DES-Amyloidoses “Amyloidoses through the looking-glass”: A knowledgebase developed for exploring and linking information related to human amyloid-related diseases

Vladan P. Bajic*, Adil Salhi, Katja Lakota, Aleksandar Radovanovic, Rozaimi Razali, Lada Zivkovic, Biljana Spremo-Potparevic, Mahmut Uludag, Faroug Tifratene, Olaa Motwalli, Benoit Marchand, Vladimir B. Bajic, Takashi Gojobori, Esma R. Isenovic, Magbubah Essack*

*Corresponding author for this work

Research output: Contribution to journalArticlepeer-review

Abstract

More than 30 types of amyloids are linked to close to 50 diseases in humans, the most prominent being Alzheimer’s disease (AD). AD is brain-related local amyloidosis, while another amyloidosis, such as AA amyloidosis, tends to be more systemic. Therefore, we need to know more about the biological entities’ influencing these amyloidosis processes. However, there is currently no support system developed specifically to handle this extraordinarily complex and demanding task. To acquire a systematic view of amyloidosis and how this may be relevant to the brain and other organs, we needed a means to explore "amyloid network systems" that may underly processes that leads to an amyloid-related disease. In this regard, we developed the DES-Amyloidoses knowledgebase (KB) to obtain fast and relevant information regarding the biological network related to amyloid proteins/peptides and amyloid-related diseases. This KB contains information obtained through text and data mining of available scientific literature and other public repositories. The information compiled into the DES-Amyloidoses system based on 19 topic-specific dictionaries resulted in 796,409 associations between terms from these dictionaries. Users can explore this information through various options, including enriched concepts, enriched pairs, and semantic similarity. We show the usefulness of the KB using an example focused on inflammasome-amyloid associations. To our knowledge, this is the only KB dedicated to human amyloid-related diseases derived primarily through literature text mining and complemented by data mining that provides a novel way of exploring information relevant to amyloidoses.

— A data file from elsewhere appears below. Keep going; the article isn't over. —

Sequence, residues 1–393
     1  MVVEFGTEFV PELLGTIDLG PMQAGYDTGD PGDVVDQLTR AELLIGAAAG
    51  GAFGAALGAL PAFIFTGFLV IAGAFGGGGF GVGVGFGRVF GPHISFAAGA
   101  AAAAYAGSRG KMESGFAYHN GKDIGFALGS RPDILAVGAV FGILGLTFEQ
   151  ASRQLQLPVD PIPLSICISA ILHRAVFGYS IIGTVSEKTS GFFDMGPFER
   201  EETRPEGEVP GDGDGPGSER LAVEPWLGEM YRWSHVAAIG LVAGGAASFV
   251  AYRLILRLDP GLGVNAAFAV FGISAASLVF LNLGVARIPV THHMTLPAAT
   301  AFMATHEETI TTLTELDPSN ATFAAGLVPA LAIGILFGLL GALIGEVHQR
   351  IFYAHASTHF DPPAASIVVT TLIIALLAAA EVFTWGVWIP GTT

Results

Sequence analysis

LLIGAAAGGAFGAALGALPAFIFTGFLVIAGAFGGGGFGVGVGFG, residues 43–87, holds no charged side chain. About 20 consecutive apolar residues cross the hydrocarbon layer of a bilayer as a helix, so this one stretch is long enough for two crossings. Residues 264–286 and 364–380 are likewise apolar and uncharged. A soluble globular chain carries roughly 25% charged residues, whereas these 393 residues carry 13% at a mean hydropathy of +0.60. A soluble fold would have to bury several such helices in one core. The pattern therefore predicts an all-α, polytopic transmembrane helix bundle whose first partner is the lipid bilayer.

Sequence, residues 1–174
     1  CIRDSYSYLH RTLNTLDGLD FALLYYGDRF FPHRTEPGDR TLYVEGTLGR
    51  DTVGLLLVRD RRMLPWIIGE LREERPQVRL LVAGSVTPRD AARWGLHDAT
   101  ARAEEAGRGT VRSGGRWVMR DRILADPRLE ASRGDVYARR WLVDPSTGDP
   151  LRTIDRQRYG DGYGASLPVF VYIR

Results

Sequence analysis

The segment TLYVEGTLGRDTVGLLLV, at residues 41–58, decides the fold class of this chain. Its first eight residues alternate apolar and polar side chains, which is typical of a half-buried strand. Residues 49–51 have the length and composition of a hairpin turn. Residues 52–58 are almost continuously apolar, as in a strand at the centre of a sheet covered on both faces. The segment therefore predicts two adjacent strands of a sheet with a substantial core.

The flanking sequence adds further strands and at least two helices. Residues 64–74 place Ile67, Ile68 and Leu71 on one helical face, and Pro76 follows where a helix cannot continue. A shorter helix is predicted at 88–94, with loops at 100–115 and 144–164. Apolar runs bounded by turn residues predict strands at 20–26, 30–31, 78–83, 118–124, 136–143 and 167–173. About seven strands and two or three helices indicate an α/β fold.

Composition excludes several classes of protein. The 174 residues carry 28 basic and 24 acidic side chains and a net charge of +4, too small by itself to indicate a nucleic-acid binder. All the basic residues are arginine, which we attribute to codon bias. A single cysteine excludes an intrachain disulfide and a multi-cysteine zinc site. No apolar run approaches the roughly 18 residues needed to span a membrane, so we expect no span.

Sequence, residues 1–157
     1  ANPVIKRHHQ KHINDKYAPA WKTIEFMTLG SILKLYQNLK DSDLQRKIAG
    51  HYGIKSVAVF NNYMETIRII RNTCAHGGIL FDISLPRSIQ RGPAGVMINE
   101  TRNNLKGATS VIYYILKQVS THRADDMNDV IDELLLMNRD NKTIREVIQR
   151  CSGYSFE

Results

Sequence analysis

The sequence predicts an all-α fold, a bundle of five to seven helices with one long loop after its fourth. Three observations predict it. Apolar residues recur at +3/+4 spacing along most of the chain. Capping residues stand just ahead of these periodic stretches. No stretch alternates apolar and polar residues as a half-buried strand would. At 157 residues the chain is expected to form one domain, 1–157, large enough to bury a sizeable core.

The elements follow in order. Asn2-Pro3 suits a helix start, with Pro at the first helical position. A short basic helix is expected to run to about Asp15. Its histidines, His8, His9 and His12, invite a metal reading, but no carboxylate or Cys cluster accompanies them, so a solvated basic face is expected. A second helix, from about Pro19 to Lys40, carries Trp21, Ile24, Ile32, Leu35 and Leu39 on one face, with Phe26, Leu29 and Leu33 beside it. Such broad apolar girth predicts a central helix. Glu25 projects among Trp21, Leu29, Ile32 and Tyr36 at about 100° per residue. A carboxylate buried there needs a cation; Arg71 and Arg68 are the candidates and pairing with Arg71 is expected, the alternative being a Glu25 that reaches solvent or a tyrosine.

Original languageEnglish (US)
Article numbere0271737
JournalPloS one
Volume17
Issue number7 July
DOIs
StatePublished - Jul 2022

Bibliographical note

Funding Information:
This work has been supported by the Ministry of Education, Science and Technological Development, Republic of Serbia, and by the KAUST grant OSR#4129 (to EI and VBB), which also supported SZ and VPB. VBB has been supported by the KAUST Base Research Fund (BAS/1/1606-01-01), while ME has been supported by KAUST Office of Sponsored Research (OSR) grant no. FCC/1/1976-20-01. TG has been supported by the King Abdullah University of Science and Technology (KAUST) Base Research Fund (BAS/1/1059-01-01). The funders had no role in study design, data collection and analysis, decision to publish, or preparation of the manuscript. This work is part of the collaboration between the Laboratory of Radiobiology and Molecular Genetics, Vinca Institute of Nuclear Sciences, University of Belgrade, Belgrade, Serbia and King Abdullah University of Science and Technology (KAUST), Computational Bioscience Research Center (CBRC), Thuwal, Saudi Arabia.

Publisher Copyright:
© 2022 Bajic et al. This is an open access article distributed under the terms of the Creative Commons Attribution License, which permits unrestricted use, distribution, and reproduction in any medium, provided the original author and source are credited.

ASJC Scopus subject areas

  • General

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